The Philippines is internationally known as a culturally rich country. Metro Manila alone is home to more than 30 museums that showcase the culture and history of the nation. However, there is a perceived lack of connection between the public and the arts. This creates an opportunity to create a structure that serves as civic art structure and as a cultural hub. In line with this vision, the Metrobank Foundation Inc. and Federal Land Inc. held a design competition to design the Manila Arts + Culture Center, an iconic civic structure that complements Philippine Architecture, showcase temporary and permanent exhibitions, and establish an appreciation of the arts and culture among the public.
In order to come up with an architectural design proposal for a Civic Center for the Arts, Culture, and Tourism, one has to thoroughly understand the context of the project. The challenge was to envision a structure where museum, cultural centre, and civic center merge as one.
The design for “Arko” or “Arch” was inspired by traditional or local gateways found on the boundaries of different provinces, towns, barrios, and other similar neighbourhoods in the Philippines. Our aim for the design was to focus on the complete experience that a Filipino community provides to its visitors, to its guests, and even to its own members. We interpreted Filipino culture as experiential more than physical.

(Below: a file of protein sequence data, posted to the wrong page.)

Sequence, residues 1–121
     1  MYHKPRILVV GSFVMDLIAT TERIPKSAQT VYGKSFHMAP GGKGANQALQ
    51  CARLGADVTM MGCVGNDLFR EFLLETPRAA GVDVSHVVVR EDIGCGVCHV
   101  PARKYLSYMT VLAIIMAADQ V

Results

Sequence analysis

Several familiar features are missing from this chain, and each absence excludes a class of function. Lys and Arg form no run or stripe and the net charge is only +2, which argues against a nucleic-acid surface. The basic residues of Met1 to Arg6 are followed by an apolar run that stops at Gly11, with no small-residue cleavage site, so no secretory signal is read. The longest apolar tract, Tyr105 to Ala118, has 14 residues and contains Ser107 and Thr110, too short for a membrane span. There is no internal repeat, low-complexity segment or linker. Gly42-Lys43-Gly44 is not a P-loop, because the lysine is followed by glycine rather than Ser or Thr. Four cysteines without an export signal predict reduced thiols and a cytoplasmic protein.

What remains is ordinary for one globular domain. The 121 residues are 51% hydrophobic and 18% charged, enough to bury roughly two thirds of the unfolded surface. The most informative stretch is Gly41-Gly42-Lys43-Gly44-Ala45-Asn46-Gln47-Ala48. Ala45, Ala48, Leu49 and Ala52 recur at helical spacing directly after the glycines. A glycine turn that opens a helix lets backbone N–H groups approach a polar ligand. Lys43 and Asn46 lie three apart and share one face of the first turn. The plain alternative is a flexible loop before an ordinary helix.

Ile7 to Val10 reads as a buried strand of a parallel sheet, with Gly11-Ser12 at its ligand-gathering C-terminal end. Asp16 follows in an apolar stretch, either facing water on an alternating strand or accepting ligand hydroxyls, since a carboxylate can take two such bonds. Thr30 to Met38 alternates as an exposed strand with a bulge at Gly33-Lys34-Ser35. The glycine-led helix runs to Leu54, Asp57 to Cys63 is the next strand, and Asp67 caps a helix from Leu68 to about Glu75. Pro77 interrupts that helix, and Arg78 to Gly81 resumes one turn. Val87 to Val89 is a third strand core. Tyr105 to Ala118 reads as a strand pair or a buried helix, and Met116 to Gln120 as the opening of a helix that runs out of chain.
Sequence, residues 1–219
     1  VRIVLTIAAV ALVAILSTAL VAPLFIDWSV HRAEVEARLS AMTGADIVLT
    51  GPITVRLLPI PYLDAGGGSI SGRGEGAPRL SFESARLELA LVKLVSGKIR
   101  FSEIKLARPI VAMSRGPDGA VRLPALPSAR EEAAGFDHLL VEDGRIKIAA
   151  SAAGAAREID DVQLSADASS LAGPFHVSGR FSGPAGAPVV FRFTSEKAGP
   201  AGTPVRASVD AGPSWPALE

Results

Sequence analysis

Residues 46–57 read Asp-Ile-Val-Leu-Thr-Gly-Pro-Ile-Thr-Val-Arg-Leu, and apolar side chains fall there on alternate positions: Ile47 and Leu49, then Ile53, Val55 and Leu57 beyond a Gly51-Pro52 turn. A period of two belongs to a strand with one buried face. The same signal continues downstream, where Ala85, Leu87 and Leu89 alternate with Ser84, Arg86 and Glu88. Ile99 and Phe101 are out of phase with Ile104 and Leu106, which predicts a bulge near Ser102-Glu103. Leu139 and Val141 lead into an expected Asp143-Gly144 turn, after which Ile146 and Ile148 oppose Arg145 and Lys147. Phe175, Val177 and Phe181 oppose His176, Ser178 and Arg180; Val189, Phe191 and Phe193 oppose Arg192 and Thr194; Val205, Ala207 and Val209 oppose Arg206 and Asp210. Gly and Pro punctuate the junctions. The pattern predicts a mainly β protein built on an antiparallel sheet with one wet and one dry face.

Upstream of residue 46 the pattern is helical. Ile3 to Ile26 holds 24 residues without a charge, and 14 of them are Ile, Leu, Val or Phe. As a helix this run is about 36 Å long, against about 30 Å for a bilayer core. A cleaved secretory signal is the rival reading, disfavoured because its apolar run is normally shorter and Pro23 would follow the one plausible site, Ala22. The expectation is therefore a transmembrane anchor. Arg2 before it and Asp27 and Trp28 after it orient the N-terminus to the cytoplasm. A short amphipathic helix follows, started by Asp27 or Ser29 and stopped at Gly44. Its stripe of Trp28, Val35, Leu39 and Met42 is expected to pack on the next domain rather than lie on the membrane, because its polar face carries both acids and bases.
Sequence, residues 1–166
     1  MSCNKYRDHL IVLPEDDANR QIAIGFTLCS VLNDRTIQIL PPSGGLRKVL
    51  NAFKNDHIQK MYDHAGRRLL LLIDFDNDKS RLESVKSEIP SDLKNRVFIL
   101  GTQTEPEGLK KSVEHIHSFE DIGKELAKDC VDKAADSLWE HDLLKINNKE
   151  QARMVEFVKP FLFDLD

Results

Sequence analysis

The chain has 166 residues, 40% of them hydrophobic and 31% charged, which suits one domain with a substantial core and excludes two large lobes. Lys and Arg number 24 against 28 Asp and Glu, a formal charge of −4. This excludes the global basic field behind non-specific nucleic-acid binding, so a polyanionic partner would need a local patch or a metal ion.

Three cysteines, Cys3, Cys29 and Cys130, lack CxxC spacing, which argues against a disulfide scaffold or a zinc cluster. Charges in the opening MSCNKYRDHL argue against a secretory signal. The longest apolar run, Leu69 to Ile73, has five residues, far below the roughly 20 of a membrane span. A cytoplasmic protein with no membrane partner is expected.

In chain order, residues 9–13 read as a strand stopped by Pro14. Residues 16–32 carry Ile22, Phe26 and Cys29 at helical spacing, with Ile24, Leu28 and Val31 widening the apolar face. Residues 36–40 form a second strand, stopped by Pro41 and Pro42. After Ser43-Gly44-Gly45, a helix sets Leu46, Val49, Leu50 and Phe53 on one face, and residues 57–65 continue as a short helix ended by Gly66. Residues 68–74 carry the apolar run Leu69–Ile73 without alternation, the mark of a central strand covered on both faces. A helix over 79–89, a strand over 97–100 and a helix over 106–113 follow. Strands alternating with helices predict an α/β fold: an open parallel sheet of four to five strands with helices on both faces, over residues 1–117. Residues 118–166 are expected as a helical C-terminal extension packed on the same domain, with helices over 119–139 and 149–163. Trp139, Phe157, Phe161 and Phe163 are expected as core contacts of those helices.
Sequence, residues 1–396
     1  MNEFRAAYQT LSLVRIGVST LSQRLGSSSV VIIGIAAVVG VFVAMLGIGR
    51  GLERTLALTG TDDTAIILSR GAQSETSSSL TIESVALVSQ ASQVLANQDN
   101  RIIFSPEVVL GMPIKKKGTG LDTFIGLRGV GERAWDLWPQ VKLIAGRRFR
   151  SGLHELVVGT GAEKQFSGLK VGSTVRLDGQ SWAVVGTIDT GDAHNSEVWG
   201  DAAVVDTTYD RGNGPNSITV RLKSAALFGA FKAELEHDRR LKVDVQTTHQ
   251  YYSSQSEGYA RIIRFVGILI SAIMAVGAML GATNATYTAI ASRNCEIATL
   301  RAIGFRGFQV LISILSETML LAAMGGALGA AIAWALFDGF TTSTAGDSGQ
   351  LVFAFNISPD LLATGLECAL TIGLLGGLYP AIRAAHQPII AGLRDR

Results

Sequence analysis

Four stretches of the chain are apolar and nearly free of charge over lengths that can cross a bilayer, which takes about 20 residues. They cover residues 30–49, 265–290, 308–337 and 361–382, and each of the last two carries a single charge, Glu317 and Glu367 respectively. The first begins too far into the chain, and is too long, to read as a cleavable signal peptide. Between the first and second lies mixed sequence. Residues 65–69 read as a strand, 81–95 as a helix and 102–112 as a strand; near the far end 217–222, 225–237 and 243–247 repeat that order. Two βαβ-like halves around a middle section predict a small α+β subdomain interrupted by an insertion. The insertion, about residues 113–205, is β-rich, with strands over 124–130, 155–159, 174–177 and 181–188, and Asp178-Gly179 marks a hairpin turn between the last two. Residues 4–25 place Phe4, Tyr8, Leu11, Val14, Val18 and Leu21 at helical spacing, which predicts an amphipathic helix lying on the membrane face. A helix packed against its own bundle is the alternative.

In line with this, our team intended that our structure introduces and immerses the visitors to the local culture, the inner workings, and the intricate characteristics found within it. We intended that our structure exemplifies a sense of link and continuity in the area. We intended it to envelop the users.
Having been provided with a lot, categorized under a ‘green park’ zone, the design for Arko sensibly preserved the original intent of the planners. The site was maximized through adhering to the prescribed setbacks, building height limits, and gross floor area while the form of the structure was defined by projected pedestrian and vehicular traffic flow within and around the site. Pushed back edges, projected corners, and basement floors were utilized to extend the landscape, surrounding the structure, and attaining a desirable human scale. The structure was then punctured horizontally and vertically to create a sculpted "Urban Room" that evokes a more experiential space.
Thus, the design planned that the structure be of human scale, while maintaining vistas of adjacent developments, avoiding visual obstruction to vehicular traffic, and creating spatial continuity for pedestrians. And lastly, it intended to act as a guide.
THE GREEN PARK FEATURE
The design blended the building harmoniously with the site by having a low ecological footprint. 10.88% of the site is softscaped while 59.01% is permeable hardscapes. The introduction of a landscaped green roof increased the open space cover of the site to 58.90%. This design strategy addressed the conflict between introducing a new structure and preserving the original land use of the site which is categorized under the city’s “Green Park Zoning”